7 Powerful Truths that Engage Your Soul in Minimalism
The Spiritual Act of Simplifying
A few months ago I unpacked all of my kids’ baby stuff, sorted it with teary eyes and gratitude, set aside a few precious and unique items, and repacked the rest to donate. It was one of the hardest decisions I’ve made since adopting a life of simplicity, simply because I’d made the decision more than five years ago that the baby stuff would stay. Forever. Period.
That was before we committed to living simply when sentimentality proved the existence of the meaningful. We fought for five years through infertility and a failed adoption, so when God gave us our first miracle pregnancy I wasn’t letting go of any part of that season.
It made sense, for a while. When you experience the healing touch of Jesus and life is created where they said it wouldn’t you hold tight to the tangible because it feels like your heart won’t be able to contain the intangible. Then, when the second of our beautiful miracle babies arrived two years later and all the stuff doubled, it started to feel heavy – like maybe what my heart holds in its ever expanding hands is enough after all.
The Deeper Meaning of Minimalism
Minimalism questions everything, even the stuff we’ve sworn not to let it get to. I tried to ignore the stacks of bins in the garage but after we’d decluttered the rest of our house and found out what minimalism is really about, I had to question the purpose of keeping it all. After all, my girls were toddlers by this point, different now but still the same flesh and bone miracles – what stuff can compare to their laughter, kisses, and wonder?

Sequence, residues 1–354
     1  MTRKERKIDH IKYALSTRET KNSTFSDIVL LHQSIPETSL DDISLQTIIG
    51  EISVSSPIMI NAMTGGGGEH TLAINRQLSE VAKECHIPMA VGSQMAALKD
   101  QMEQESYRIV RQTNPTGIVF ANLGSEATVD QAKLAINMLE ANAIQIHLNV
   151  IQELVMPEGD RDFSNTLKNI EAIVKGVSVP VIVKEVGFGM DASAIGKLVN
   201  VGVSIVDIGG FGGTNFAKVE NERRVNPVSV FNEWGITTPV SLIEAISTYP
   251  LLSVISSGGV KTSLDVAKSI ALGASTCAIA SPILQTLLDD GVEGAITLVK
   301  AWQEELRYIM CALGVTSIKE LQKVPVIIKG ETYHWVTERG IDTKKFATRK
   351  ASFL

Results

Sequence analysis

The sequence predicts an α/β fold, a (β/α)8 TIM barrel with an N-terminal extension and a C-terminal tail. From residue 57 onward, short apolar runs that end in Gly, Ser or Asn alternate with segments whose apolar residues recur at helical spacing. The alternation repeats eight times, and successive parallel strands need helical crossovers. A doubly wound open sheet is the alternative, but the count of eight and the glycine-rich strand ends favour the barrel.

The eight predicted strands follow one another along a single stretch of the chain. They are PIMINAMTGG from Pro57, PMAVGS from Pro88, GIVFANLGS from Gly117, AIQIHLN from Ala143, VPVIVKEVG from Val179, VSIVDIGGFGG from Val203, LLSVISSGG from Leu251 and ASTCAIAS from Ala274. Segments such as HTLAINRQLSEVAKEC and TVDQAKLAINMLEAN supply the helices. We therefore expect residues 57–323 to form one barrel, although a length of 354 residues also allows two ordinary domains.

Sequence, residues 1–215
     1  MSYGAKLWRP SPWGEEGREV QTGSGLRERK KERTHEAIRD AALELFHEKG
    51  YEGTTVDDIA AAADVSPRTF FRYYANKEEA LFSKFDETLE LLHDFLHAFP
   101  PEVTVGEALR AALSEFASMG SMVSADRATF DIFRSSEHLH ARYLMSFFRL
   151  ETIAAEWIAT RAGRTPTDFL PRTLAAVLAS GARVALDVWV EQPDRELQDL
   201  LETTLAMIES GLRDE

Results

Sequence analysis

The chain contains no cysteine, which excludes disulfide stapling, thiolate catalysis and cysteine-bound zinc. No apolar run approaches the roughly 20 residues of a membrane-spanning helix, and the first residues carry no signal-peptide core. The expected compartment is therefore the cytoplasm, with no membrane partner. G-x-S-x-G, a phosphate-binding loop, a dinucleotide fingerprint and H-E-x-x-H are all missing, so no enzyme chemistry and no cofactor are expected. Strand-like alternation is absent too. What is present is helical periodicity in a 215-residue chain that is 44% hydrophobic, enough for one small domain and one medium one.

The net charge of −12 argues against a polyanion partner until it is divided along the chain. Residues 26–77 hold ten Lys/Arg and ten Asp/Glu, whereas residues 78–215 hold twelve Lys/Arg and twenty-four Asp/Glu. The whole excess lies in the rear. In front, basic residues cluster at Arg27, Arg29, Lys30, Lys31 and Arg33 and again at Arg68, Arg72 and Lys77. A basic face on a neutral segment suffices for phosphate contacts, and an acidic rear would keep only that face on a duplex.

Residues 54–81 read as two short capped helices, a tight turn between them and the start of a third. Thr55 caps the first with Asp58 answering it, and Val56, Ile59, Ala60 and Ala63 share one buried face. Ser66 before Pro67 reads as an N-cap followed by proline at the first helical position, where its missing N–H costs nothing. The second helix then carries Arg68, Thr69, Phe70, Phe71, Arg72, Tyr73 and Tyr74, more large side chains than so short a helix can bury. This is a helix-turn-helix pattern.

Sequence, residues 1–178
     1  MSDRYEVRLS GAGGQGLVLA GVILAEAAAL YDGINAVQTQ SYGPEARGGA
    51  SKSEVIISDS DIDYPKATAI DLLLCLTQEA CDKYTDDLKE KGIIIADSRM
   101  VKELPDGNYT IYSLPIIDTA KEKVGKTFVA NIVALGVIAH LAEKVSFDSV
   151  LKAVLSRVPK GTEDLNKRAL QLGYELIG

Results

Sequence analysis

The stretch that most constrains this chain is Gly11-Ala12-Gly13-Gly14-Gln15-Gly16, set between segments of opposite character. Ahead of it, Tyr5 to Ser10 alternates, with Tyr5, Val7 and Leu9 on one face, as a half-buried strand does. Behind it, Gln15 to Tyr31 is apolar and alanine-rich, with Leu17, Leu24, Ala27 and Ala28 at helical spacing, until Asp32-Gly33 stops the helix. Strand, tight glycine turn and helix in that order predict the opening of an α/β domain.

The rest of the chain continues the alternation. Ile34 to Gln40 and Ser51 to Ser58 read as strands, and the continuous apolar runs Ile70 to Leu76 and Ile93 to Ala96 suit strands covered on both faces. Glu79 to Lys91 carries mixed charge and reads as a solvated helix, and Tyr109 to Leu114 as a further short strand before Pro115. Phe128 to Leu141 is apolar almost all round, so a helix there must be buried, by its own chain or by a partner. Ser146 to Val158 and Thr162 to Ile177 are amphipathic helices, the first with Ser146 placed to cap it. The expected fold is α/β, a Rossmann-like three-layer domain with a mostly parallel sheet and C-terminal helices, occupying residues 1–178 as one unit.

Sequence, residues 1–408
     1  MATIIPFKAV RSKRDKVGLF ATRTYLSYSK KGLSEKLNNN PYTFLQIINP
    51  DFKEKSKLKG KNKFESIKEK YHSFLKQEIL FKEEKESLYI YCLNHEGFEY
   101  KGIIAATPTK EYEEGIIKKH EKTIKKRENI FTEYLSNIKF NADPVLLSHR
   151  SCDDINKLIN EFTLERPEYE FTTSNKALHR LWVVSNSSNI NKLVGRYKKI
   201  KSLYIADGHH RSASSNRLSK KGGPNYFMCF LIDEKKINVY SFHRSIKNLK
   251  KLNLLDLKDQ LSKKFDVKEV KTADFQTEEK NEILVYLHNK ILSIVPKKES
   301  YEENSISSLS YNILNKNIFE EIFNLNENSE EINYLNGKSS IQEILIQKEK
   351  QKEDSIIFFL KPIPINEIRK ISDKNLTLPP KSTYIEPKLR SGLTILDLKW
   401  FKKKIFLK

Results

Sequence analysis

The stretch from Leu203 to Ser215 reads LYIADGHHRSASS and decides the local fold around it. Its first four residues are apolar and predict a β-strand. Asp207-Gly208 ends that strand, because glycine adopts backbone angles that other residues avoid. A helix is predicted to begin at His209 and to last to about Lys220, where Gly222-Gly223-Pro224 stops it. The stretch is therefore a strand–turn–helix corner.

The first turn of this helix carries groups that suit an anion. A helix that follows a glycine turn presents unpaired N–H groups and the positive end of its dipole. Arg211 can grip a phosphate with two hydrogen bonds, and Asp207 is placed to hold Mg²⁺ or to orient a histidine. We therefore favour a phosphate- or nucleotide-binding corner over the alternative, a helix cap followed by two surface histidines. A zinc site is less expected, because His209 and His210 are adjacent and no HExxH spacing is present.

I’d suspected early on in the clearing out the physical, mental, and emotional clutter that there was something much deeper, spiritual even, happening through minimalism. It wasn’t just a freedom to do what I loved or have more money in the bank, it was reaching farther within me. It was grasping for more intention, more awareness, and more soul.
It was as if with each item I let go of a piece of myself came back to me. With every opportunity I took to choose less I gained a long forgotten dream. Every time I fought the lies in my head with truth about who I am and what my stuff was, I became more fully alive. Minimalism wasn’t only questioning, it was answering more self-doubts and frustrations in my life than I expected.
A Spiritual Awakening
Simplicity became spiritual when I realized that my soul had been buried under validation-seeking behaviors, such as, impulse shopping, comparison-making, self-reproach and self-doubt, and perfectionism. Simplicity set my soul free.
I started thinking in a new category at that point: minimalism is a spiritual act of worship.
Let me be clear about one thing, minimalism cannot replace the restoration, healing, and salvation of Jesus Christ. He is the Savior of the world, the redeemer of our souls, and He alone is our hope for eternity. Minimalism is simply a tool with which we can come into union with Jesus, worship Him through our acts of doing without or choosing less, and it’s a means to connect with the unique gifts and purpose He has created within us.